When I was teaching fencing, my colleagues and I often observed an interesting phenomenon. If a student made it through the beginning classes, odds were good that they would usually stick with it for another six months. It was at that six month mark that students started to drop out again. It’s also around this time that the fencer is just beginning to understand some of the more subtle aspects of the sport.
Understanding these aspects did not immediately make them a better fencer. It did enable them to see the differences between their skills and the people they were now competing with. Suddenly they had gone from someone that thought they had really good blade work to someone that can now see how far they need to advance to call themselves good. It’s a very disheartening feeling. You feel like you’ve wasted the last six months and are only getting worse.
We lost a lot of talented people at this point. The thing is, this is a necessary step and very important to the progress of the fencer. You can’t teach advanced techniques until the fencer has enough background knowledge and skill to understand the details. We called this a plateau and the longer you stayed with the sport the more you encountered.
I believe every endeavor has similar stages. You start a new hobby with a lot of enthusiasm, learn everything you can about it and if you’re fortunate you find a mentor or a coach to help you past some of the more difficult parts. Then, one day you look around and realize just how much more you have to learn and how little you’ve actually accomplished.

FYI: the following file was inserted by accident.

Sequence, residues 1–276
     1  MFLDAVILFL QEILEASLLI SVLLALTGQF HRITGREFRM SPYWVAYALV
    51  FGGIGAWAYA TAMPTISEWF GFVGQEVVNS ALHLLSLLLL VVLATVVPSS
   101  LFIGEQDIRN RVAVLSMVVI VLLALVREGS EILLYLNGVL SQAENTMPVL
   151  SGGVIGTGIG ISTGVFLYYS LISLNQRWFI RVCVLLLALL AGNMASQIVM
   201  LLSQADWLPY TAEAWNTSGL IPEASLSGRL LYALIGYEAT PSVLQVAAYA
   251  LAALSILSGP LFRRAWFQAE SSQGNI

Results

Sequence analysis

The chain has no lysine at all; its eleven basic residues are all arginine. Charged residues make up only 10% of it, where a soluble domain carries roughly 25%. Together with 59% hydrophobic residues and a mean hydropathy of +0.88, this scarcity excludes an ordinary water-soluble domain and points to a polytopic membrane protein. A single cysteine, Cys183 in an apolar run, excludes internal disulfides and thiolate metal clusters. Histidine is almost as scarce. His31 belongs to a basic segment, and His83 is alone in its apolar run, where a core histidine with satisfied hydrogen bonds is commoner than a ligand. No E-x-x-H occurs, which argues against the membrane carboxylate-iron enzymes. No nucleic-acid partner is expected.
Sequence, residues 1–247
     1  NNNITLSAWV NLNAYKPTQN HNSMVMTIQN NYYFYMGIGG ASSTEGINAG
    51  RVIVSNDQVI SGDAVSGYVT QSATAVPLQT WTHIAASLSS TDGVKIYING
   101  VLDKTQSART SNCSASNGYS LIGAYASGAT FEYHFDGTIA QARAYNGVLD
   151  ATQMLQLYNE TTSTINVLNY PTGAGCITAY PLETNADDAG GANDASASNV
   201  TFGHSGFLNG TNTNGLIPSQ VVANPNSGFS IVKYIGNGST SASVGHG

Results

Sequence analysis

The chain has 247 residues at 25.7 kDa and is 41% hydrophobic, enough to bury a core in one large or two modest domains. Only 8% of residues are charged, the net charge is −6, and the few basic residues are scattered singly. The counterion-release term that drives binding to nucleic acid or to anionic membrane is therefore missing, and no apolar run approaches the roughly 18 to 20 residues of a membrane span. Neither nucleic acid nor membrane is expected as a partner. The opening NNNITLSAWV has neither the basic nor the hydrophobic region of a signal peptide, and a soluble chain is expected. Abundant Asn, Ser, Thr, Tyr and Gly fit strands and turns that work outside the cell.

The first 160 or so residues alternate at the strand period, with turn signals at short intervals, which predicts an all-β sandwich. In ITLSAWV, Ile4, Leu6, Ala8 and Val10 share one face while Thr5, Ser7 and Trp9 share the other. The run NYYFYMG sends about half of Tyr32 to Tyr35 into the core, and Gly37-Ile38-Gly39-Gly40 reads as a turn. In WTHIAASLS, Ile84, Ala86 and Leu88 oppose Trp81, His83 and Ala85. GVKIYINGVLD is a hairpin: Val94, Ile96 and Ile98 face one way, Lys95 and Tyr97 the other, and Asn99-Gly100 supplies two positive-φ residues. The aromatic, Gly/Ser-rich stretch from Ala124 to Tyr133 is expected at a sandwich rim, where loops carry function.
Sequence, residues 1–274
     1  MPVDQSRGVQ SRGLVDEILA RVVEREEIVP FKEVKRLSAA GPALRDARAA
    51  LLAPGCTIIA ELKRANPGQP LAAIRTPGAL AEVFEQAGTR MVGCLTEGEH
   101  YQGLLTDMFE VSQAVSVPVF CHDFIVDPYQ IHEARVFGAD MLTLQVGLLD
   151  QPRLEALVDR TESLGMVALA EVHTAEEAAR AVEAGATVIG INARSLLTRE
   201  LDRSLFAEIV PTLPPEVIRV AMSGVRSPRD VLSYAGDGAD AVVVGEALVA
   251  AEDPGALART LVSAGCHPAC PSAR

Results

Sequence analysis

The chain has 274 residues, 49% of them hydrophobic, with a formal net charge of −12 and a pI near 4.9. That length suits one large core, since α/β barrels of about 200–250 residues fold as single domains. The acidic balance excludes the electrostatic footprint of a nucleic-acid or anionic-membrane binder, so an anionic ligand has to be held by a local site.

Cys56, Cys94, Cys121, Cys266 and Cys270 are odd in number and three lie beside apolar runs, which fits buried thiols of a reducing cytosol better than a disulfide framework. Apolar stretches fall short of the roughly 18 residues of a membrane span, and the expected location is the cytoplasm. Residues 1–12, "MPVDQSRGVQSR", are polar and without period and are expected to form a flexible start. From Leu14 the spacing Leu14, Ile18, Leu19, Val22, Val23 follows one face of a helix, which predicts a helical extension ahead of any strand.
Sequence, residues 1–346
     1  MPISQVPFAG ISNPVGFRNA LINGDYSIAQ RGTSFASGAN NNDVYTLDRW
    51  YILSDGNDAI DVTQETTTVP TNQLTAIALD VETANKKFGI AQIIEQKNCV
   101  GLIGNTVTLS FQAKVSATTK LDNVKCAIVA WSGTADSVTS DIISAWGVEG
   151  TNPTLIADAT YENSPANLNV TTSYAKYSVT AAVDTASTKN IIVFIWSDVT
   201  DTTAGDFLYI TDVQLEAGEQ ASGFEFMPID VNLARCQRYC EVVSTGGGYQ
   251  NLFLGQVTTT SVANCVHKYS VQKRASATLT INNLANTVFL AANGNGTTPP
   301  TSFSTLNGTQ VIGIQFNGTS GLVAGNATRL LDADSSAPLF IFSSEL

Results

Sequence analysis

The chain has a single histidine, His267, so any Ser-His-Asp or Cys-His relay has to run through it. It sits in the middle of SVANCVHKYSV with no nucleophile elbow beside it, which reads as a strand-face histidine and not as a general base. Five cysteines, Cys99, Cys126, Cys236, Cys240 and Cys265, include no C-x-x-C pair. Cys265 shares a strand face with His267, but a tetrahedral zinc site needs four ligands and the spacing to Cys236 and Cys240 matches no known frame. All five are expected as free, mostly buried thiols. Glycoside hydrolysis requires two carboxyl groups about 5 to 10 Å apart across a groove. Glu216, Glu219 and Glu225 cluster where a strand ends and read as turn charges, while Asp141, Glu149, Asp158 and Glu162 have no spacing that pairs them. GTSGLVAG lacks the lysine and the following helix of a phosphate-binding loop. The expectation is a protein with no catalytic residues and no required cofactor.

How you handle this says a lot about you as a person and your desire to succeed in your endeavor. You can quit and find another hobby or you can grit your teeth and work past this plateau. There’s nothing wrong with either path. It’s simply a personal choice. The plateau is a time for reflection and questioning if this endeavor is really for you. You now see with much more clarity just how much farther you have to go to get to the next plateau. The plateau also marks the realization of just how much progress you’ve made in your hobby.
I mention this because I’m at the six month mark on this blog. This post will be number 70 and I will have had approximately 5100 views (by humans) on my website. I can look at the more successful blogs and see what mine is missing in terms of a coherent theme, regular readers and traffic. My bounce rate, a measurement of how many more posts you will read before leaving my site, is, well, poor would be overstating the case. Statistically speaking 80% percent of you reading this post will only read this post.
I had not realized I was facing a plateau of my own. I was still thinking about new posts. I was developing new skills to aid in illustrations. I was still… and there it was. I wasn’t writing. I was doing everything but writing. It was fun and easy to learn about Poser, DAZ Studio and Bryce. My knowledge growth was rapid. Of course it was easy, I’m not even close to that plateau.
Going forward with this blog is only going to get harder. I’m no longer excited when I see ten people in a day have read one of my posts post. Now I want to see a hundred people. When you visit my site, you see a few pictures and probably read one of my posts. My writing is the only way I have of making you enjoy your visit. Every post I write has to convince you it’s worth your time to read another of my posts. Each post should inspire you to leave comments. When I write a post, I have to intrigue you enough to share it with your friends.
This is my plateau alright. I see how far I am from a professional site and how much I have to improve to get there. I have no intention of quitting but I have to acknowledge that the shine has worn off. Now it gets hard. This as my first real blogging challenge, I wonder how I’ll meet it.© Copyright 2012 Byron Seastrunk, All rights Reserved. Written For: Opinion by pen